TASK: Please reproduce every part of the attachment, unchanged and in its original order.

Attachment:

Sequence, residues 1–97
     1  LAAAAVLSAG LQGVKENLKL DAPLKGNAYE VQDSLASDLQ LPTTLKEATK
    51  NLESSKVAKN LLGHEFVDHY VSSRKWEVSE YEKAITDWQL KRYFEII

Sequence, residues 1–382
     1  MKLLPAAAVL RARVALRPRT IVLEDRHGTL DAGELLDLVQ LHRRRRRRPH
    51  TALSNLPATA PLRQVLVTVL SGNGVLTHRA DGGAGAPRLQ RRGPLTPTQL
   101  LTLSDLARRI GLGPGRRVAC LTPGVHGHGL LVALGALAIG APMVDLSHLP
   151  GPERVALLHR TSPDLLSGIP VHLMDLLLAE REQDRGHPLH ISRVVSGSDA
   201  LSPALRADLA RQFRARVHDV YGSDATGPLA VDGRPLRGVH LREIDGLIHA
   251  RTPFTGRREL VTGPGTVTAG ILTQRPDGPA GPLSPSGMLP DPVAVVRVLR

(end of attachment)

Sequence, residues 1–97
     1  LAAAAVLSAG LQGVKENLKL DAPLKGNAYE VQDSLASDLQ LPTTLKEATK
    51  NLESSKVAKN LLGHEFVDHY VSSRKWEVSE YEKAITDWQL KRYFEII

Sequence, residues 1–382
     1  MKLLPAAAVL RARVALRPRT IVLEDRHGTL DAGELLDLVQ LHRRRRRRPH
    51  TALSNLPATA PLRQVLVTVL SGNGVLTHRA DGGAGAPRLQ RRGPLTPTQL
   101  LTLSDLARRI GLGPGRRVAC LTPGVHGHGL LVALGALAIG APMVDLSHLP
   151  GPERVALLHR TSPDLLSGIP VHLMDLLLAE REQDRGHPLH ISRVVSGSDA
   201  LSPALRADLA RQFRARVHDV YGSDATGPLA VDGRPLRGVH LREIDGLIHA
   251  RTPFTGRREL VTGPGTVTAG ILTQRPDGPA GPLSPSGMLP DPVAVVRVLR